And here they are, the rankings that everybody loves to hate… the U.S. News & World-Report 2018 Best Colleges ranking.
There are numerous other rankings, but the U.S. News publication seems to carry the most clout. I list the rankings here not so much as an objective indicator of the quality of Virginia’s 15 four-year institutions of public education but as a gauge of their relative prestige. Prestige matters because the endless quest for status is one of the primary drivers of college and university priorities and spending.
The aspiration to higher rankings, hence greater prestige, is an endless treadmill. While Virginia’s public institutions strive to climb the ladder, so is every other college and university, both public and private. It’s difficult to rise in the rankings when every other institution in the country is trying to do the same.
Many institutions game the system by applying scarce funds to line items that influence the ranking metrics. Accordingly, it is especially useful to see what U.S. News counts and how institutions might invest resources to improve their scores.
Graduation and retention rates (22.5 percent). U.S. News gives 80% of this measure to the six-year graduation rate and 20% to the first-year retention rate. One can predict that institutions will invest resources to create programs that will influence both of these metrics. Likewise, one can predict that a disproportionate share of resources will be devoted to improving the first-year retention rate.
Undergraduate academic reputation (22.5 percent): U.S. News uses two measures here: academic peer ratings and high school counselor ratings. These are purely subjective, of course. One cannot help but wonder the degree to which the high school counselor ratings are influenced by… previous U.S. News & World-Report rankings. I would hypothesize that institutions intent upon improving their rankings would make efforts to increase visibility among high school counselors. Likewise, I would expect colleges to invest in recruiting star faculty who might bring renown to the institution.
Faculty resources (20 percent): Class size accounts for 40% of this measure. The most points are given to classes with fewer than 20 students, a decreasing number of points are given to classes with 20-29, 30-39, and 40-49, and no points are awarded for classes over 50. I would hypothesize that institutions would respond to this incentive by structuring class sizes to admit the maximum number of students within one of U.S. News‘s brackets. Thus, we would expect to see many more classes enrolling, say, 19 students than 20 students because 19-student classes earn more points under the U.S. News methodology than 20-student classes.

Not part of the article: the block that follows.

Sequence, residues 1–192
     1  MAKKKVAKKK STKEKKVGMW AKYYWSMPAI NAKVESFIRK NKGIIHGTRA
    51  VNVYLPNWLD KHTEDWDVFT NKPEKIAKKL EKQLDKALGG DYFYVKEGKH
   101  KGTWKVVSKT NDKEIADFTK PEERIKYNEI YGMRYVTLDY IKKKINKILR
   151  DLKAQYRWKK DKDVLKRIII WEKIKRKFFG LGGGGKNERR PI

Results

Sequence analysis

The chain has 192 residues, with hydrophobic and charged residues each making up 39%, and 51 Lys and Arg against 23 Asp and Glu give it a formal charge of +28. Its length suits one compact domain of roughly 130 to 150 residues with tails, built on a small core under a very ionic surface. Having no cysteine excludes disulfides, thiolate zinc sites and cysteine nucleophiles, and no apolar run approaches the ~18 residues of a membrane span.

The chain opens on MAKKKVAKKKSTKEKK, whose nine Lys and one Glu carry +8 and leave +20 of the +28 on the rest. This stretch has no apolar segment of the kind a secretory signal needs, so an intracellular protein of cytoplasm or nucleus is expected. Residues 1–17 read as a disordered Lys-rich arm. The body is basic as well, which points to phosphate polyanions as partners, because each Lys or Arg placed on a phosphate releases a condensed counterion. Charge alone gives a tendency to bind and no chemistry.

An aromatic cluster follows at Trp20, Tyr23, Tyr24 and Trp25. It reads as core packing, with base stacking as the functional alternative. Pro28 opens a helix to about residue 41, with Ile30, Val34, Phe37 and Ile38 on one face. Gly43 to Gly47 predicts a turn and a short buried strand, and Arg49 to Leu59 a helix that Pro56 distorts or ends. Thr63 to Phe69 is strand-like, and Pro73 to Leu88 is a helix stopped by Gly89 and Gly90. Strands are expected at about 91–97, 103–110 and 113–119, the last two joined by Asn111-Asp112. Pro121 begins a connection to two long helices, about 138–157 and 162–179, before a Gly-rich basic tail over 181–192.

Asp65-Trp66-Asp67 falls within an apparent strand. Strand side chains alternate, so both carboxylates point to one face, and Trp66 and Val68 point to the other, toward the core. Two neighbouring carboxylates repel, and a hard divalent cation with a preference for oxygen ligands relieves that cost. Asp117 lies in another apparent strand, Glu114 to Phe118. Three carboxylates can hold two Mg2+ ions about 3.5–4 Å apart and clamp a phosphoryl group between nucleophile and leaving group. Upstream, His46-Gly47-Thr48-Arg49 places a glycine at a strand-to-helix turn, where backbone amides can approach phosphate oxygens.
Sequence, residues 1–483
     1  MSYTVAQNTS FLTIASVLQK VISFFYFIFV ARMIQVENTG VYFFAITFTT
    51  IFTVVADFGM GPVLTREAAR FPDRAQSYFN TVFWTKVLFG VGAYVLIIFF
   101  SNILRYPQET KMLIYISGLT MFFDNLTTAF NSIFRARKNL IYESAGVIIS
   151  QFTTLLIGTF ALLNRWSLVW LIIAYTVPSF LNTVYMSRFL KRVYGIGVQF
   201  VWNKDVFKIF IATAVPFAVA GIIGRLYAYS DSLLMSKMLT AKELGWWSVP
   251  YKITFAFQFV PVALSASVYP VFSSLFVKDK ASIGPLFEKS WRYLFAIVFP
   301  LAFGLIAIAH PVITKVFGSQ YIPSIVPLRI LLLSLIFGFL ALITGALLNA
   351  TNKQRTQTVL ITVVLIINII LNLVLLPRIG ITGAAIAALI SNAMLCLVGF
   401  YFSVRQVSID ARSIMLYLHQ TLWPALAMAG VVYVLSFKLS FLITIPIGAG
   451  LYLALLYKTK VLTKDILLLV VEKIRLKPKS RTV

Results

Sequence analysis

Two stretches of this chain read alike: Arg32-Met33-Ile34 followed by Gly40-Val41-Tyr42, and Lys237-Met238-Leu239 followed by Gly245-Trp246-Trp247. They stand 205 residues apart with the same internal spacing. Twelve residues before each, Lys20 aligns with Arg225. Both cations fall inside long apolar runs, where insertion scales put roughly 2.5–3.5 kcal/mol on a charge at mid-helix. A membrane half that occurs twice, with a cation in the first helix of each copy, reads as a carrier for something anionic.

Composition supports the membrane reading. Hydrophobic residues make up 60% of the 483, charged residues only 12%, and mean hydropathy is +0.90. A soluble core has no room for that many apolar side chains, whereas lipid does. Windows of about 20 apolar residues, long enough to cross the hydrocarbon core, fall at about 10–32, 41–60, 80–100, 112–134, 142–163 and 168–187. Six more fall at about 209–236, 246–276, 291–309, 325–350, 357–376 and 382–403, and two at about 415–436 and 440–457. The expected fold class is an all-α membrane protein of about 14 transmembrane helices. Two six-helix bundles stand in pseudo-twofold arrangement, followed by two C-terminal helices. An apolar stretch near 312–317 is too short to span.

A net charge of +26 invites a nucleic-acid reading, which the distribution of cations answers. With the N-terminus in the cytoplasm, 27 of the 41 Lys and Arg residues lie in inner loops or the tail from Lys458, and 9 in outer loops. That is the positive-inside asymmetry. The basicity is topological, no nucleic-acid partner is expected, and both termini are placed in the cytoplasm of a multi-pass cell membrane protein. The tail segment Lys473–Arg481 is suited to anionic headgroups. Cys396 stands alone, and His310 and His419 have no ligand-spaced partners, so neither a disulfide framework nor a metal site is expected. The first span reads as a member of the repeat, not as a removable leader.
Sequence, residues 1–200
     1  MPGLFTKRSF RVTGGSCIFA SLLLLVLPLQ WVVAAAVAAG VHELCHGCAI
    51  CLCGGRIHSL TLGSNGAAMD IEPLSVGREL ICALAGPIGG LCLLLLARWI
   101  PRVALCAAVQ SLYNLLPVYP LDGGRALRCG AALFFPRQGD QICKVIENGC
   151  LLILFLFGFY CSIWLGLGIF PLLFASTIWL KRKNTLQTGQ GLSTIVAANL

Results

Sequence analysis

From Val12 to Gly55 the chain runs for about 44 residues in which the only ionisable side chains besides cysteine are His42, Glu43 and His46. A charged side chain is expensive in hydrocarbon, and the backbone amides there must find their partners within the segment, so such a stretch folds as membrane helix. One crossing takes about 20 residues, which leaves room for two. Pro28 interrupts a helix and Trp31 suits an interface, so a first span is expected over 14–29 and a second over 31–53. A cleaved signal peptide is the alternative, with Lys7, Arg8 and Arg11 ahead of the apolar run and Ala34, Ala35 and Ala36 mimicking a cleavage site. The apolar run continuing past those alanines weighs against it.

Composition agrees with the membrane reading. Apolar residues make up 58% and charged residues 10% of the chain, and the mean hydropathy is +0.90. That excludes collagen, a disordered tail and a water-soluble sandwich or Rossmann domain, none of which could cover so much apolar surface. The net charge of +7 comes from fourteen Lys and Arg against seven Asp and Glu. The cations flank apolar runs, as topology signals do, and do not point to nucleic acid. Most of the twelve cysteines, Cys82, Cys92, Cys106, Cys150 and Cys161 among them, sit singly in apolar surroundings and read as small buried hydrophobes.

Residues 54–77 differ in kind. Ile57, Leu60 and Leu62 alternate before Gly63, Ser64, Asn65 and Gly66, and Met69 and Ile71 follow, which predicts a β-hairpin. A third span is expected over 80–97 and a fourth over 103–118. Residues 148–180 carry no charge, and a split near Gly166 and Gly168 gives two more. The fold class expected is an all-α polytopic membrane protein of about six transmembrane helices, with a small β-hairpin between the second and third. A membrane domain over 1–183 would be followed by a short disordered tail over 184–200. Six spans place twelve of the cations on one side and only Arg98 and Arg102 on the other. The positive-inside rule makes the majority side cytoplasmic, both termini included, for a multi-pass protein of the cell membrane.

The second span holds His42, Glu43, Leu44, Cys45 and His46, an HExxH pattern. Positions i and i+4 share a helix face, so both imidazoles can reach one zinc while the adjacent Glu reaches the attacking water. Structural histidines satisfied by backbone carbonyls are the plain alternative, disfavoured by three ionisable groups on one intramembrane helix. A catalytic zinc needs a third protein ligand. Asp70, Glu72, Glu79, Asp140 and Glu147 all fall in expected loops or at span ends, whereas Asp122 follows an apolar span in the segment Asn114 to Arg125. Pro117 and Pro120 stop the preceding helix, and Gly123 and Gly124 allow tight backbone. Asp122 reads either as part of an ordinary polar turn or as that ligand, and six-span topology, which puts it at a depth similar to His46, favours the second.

Student selectivity (12.5 percent): Two of the three metrics used in this category are average SAT score and acceptance rate. I would hypothesize that colleges and universities dedicate considerable resources to recruiting high-SAT students, and also that they also dedicate resources to ginning up lots of applications in order to generate the best possible acceptance rate to foster the image of popularity and selectivity. Also, one would expect institutions to dedicate resources to the kinds of assets — newer buildings, cushier dormitories, better food choices — that provide a quick, visceral appeal to high school students visiting campus.
Financial resources (10 percent): U.S. News rewards average spending per student on instruction, research, student services and related educational expenditure. It does not count spending on sports, dorms and hospitals. One would expect universities to adjust their accounting classification of expenses to maximize spending in the favored buckets. Among wealthier institutions, I would predict, there is no practical limit to money spent on student “enrichment” programs such as semesters abroad.
Graduation rate performance (7.5 percent): Adjusting for SAT scores, high school standing, and Pell Grants, U.S. News measures the difference between “expected” and actual graduation rates. If the school’s actual graduation rate is higher than the predicted rate, the college deemed to be enhancing achievement and over-performing. This strikes me as a useful measure, and one that is not easily gamed. I would love to see the data.
Alumni giving rate (5 percent): The percentage of alumni who donate to school is used as an indirect measure of student satisfaction. Of course, this is easily gamed. I would hypothesize that we will see greater resources and creativity expended over time to solicit donations. Even small donations will enhance an institution’s ranking..There are currently no comments highlighted.